If you master the above techniques, you don’t have to start your evaluation with “It was a pleasure listening to your speech today” or "What a wonderful speech it was". Like a soup that tastes better with salt and spice, add some spice to your speech evaluation introductions.
Saturday, August 31, 2013
6 ways of starting your speech evaluation
“What a wonderful speech it was?” If this is how you start your speech evaluations always, it is time for you to learn some new techniques. In this article, I’ll share with you some techniques that you can use to make
1. Quote – Quotes are an interesting way to open your evaluation speech. It helps you to position yourself as someone who is knowledgeable on the subject. Moreover, quotes are attention grabbing too. For example, you can start your evaluation with the following introductory lines:
“It's not the years in your life that count. It's the life in your years” said Abraham Lincoln. Fellow Toastmasters and guests, after listening to John’s speech about his social service activities, I truly felt that he has lead a purposeful life and added “life to the years”… instead of just adding “years to the life”.
2. Acronym – Starting your evaluation speeches with an acronym increases the curiosity in audience’s mind and will help them to get glued to your speech. For example, a fellow toastmaster once gave a speech about “diet” and organized my evaluation speech using the acronym “DIET”.
“John… You sold the idea of DIET to all of us … with your speech about DIET”
Then, I went ahead and structured my evaluation speech using D – Delivery, I – Information, E – Entertainment, T – Transitions. Do not use this technique for evaluating somebody whose speech is about “Flaucinaucinihilipilification”).
Also read: CRISP Speech Evaluations
3. Theme / Analogy – You can make your evaluation speech memorable, if you use a theme to structure the evaluation. For example, you can compare the speech against something or someone and try to highlight the similarities during your evaluation. For example, a toastmaster once did a speech about the tour that he did in Australia. I started my evaluation with the following introductory line
“Dear Jack… Your speech was like watching a Maniratnam Movie”… then I went ahead and said “You were able to vividly describe the places that you visited in Australia. Normally director Maniratnam takes us to scenic locations like that in his movies. You were able to create a similar effect in front of our eyes with your outstanding narration. For example, when you were describing your visit to the waterfalls… I was able to visualize water pouring in front of my eyes… I was able to hear the birds chirping, I was able to see those colorful butterflies flying all over …”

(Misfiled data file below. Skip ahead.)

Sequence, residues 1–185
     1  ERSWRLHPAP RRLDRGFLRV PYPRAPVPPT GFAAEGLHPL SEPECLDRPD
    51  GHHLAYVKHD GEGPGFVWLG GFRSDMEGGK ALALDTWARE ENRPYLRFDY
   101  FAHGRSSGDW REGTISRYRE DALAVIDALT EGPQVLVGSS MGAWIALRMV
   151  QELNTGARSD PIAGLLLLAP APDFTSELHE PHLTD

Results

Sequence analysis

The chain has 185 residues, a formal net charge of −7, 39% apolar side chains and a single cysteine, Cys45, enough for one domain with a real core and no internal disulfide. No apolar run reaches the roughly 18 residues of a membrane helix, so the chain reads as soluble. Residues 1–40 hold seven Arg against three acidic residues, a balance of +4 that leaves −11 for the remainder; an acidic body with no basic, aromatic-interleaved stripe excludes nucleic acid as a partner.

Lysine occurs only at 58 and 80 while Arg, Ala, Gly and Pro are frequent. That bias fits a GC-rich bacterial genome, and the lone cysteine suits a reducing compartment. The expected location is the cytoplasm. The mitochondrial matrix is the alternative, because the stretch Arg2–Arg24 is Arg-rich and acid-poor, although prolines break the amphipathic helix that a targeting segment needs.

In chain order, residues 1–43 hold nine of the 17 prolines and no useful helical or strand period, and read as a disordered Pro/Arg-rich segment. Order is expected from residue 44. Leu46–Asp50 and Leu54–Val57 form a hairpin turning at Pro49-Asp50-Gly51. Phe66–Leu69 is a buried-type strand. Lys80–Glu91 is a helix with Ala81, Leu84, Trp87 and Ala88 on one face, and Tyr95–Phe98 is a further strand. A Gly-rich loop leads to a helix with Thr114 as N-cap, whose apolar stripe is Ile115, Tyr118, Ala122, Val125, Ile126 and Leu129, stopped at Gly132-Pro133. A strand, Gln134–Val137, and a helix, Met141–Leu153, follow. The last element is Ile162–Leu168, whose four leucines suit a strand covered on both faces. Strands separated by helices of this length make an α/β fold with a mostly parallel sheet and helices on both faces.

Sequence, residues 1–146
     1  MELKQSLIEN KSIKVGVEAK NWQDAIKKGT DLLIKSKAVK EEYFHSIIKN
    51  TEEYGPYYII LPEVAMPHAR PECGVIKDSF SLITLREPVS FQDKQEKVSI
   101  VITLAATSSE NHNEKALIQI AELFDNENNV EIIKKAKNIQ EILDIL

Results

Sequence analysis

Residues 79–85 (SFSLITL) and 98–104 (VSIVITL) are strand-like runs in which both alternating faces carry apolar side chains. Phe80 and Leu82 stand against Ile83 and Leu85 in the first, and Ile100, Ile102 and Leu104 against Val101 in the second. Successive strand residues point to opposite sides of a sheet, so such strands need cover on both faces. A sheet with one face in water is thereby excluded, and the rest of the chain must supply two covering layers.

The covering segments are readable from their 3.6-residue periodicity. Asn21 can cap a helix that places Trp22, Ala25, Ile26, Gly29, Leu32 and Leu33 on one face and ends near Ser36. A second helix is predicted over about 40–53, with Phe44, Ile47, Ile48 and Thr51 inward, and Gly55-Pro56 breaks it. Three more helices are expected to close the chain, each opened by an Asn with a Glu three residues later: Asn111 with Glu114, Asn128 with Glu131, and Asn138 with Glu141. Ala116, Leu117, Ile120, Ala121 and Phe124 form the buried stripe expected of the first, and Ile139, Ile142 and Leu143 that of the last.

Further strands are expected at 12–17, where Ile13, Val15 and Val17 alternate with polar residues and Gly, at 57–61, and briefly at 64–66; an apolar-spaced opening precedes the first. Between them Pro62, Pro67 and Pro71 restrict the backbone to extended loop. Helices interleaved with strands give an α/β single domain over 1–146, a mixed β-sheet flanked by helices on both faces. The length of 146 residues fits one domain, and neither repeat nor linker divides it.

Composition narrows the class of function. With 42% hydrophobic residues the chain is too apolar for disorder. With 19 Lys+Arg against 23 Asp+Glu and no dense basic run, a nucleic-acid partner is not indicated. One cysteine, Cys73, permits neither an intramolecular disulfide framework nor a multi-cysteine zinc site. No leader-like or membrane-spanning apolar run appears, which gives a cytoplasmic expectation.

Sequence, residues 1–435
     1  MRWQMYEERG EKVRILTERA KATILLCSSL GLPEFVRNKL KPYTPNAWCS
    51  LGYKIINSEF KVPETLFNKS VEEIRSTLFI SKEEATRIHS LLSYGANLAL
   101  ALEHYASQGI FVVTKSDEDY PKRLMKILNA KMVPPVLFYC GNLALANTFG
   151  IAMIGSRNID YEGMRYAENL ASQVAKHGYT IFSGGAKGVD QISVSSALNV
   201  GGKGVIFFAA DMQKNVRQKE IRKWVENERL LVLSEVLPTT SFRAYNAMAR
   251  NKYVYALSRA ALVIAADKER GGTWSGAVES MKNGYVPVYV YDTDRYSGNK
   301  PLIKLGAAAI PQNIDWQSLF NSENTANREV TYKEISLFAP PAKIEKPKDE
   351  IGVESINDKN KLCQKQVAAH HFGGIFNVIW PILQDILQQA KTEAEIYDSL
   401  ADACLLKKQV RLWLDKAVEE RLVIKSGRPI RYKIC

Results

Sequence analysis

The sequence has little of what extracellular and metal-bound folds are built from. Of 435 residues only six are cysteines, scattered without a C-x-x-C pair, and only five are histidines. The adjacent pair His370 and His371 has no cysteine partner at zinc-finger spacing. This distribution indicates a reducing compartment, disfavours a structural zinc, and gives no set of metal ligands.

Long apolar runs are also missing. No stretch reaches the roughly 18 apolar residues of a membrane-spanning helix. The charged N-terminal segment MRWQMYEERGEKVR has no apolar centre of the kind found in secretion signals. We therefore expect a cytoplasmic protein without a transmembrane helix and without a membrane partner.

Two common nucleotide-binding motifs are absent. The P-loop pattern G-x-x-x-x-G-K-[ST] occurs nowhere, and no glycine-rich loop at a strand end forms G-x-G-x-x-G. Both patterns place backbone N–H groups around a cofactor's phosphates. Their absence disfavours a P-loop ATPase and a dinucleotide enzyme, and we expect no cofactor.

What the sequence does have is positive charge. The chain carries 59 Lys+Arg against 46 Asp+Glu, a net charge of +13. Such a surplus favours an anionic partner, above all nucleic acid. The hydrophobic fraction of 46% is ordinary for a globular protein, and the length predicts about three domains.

4. Humor – Using Humor is a powerful technique to start any speech – not just the evaluations speech. For example, if a toastmaster delivers a speech about his wife’s spending habits, you can start your evaluation with the following introductory line
“I’ve read somewhere… If you want to be a millionaire… start with a billion, and take your wife out for shopping. Toastmaster Jack… this statement is very apt for you”
5. Reference to the speech – Creating the introductory lines of an evaluation by referring back to the speech is an art. It helps you to position yourself as an expert and an out of the box thinker. For example, if a toastmaster delivers a speech about “Going Green”, you can start your evaluation with the following lines:
“Toastmaster Jim… Your speech not only taught us how to Reduce … Reuse… & Recycle… to go green… but also to Reduce … Reuse… & Recycle… in delivering effective speeches.” and then you can go ahead and say “Jim… You have reduced unwanted stage movement… which helped you in having an effective eye contact with the audience. You had reused vocal variety several times in the speech to deliver your statements with an impact… you have recycled our enthusiasm, by sprinkling humor throughout the speech”
6. Asking Questions – Starting your evaluation speech with a question is an easy way of connecting with your audience. For example, if a toastmaster delivers an inspiring speech about “Chasing your dream”, you can start your evaluation with the following lines:
“Fellow Toastmasters & Guests… Raise your hand if you felt that TM Jerry’s speech inspired you to chase your dreams. I don’t know about you, but I was completely inspired by his speech”.
In speech contests, I have seen contestants coming up with innovative methods to stand out in the crowd when delivering speech evaluations. Some of the techniques that I've seen people using for their introductory lines are:
a. “Let us all give a standing ovation to TM Jacob for his inspiring speech”
b. “TM Jacob … I used a speech judging ballot to score your speech. You know what … you got 90/100 on my score card. I see a World Champion of Public Speaking in you”
c. “I fell flat like this…
, when I listened to TM Jacob’s
speech about bouncing ball”
… “I don’t
think I would need any notes to evaluate TM Jacob’s speech… because, every word
of his speech is memorable to me. That was the power of Jacob’s speech.”